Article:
I'm looking for inspiration more than an actual plan but to get that inspiration, I must see actual plans, suitable or not.

 Well, that plan is for a doughnut shaped layout, with industries along what will be the outer edge on a walk-around table. It of course could be turned inside out, but what I would do would be to look at what elements of that plan you like, and just copy those elements, not the whole plan - which does not have a particularily appalachian coalmining look and feel.

 Here is another plan - it is not 6 x 12 feet, but it shows a layout split into three scenes by viewblocks:

 

 

 It would be trivial to extend something like that - make it longer, make curves wider, have more room for scenery.

 If you want something with a more Appallachian feel - Rick Lahr's 4x8 foot Rosston, Joelberg & Holly RR layout from the Feb  2011 Model Railroader magazine looked pretty good and had some ideas that would work even better with wider curves and more space.

 Or you could look at the larger layout Greenbriar Branch of the C&O in the track plan database, from the track plan database (http://mrr.trains.com/~/media/import/files/pdf/3/5/a/ra1204_a.ashx) and just decide to copy the scene (or most of the scene) from e.g. Cass, Glady Fork or Greenbrier on that layout.

 My point? The look and feel of a theme is not given mainly by the footprint size. Ideas can be picked up from layouts in other sizes than 6 x 12 feet. Focusing on the size of the track plans you are looking at is not the most optimal strategy for finding inspiring scenes for an Appalachian layout.

  But I'll stop bothering you again now :-)

 Grin,
 Stein

 

 

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Posted by dbwv69 on Thursday, September 01, 2011 4:30 PM

I've never had any intention of simply copying a whole plan and want my plan to be unique and different from all the rest. What I need is a sense of scale, to give me a better idea of will or will not fit into a 6'x12' footprint.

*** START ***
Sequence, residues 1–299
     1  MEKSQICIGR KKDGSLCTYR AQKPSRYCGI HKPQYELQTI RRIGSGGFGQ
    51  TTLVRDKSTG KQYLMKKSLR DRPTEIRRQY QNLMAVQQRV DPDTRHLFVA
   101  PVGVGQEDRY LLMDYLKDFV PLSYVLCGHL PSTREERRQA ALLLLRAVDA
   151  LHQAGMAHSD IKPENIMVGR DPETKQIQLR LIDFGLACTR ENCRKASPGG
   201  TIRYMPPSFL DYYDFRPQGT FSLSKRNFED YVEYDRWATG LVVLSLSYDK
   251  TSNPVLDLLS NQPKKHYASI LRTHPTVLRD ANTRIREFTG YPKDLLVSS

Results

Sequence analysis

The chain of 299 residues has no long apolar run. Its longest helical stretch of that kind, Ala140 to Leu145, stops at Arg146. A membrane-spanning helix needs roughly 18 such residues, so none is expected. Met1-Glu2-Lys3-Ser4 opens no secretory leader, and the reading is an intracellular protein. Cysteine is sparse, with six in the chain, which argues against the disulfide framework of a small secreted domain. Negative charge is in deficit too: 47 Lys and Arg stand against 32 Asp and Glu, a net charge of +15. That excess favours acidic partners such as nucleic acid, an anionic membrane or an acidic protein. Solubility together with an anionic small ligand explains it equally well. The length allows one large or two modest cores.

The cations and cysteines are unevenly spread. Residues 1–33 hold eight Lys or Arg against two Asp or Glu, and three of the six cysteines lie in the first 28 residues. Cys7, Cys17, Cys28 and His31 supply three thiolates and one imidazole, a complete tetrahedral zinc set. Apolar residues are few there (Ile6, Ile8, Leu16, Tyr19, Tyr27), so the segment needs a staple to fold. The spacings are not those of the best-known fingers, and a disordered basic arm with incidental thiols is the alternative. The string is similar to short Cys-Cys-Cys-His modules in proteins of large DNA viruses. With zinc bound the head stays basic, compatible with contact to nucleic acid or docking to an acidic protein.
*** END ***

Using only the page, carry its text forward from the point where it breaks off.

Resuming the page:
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Posted by Doughless on Thursday, September 01, 2011 4:38 PM

After following this thread, I'm a bit confused as to what you want.  It seems like you want to find a database of only 6x12 track plans, with the idea that you can adjust any themed plan of that size to an Appalachian theme.

Or, by recall from the minds of forum members' hobby travels, have them post 6x12 plans that they remember to have seen.  

Both would seem to be tough requests, IMO

I think you may have better luck by including 4x8, 5x9, and any plan smaller than 6x12 and expanding it. If you are confident in your ability to adjust any plan to an Appalachian theme, nothing says you can't, then you shouldn't have much problem expanding a smaller plan to fill a 6x12.  How about starting with the smaller plans that have an Appalachian theme?

I think if you googled small track plans, there s/b various data bases to research.

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Posted by dbwv69 on Thursday, September 01, 2011 4:57 PM

Doughless

After following this thread, I'm a bit confused as to what you want.  It seems like you want to find a database of only 6x12 track plans, with the idea that you can adjust any themed plan of that size to an Appalachian theme.

Or, by recall from the minds of forum members' hobby travels, have them post 6x12 plans that they remember to have seen.  

Both would seem to be tough requests, IMO

I think you may have better luck by including 4x8, 5x9, and any plan smaller than 6x12 and expanding it. If you are confident in your ability to adjust any plan to an Appalachian theme, nothing says you can't, then you shouldn't have much problem expanding a smaller plan to fill a 6x12.  How about starting with the smaller plans that have an Appalachian theme?

I think if you googled small track plans, there s/b various data bases to research.

I'm interested in seeing any track plans that can easily be made to fit into a 6'x12' footprint and had just assumed that people would suggest anything they felt was appropriate. Adjusting a plan to fit an Appalachian theme shouldn't be too difficult but obviously, it depends on the plan.

Google is my primary method of research and I've tried just about every combination of phrases I can think of but wasn't coming up with much that I liked so I thought it wouldn't hurt to ask to see track plans, just to cover all the bases.

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Posted by steinjr on Thursday, September 01, 2011 5:14 PM

dbwv69

I've never had any intention of simply copying a whole plan and want my plan to be unique and different from all the rest. What I need is a sense of scale, to give me a better idea of will or will not fit into a 6'x12' footprint.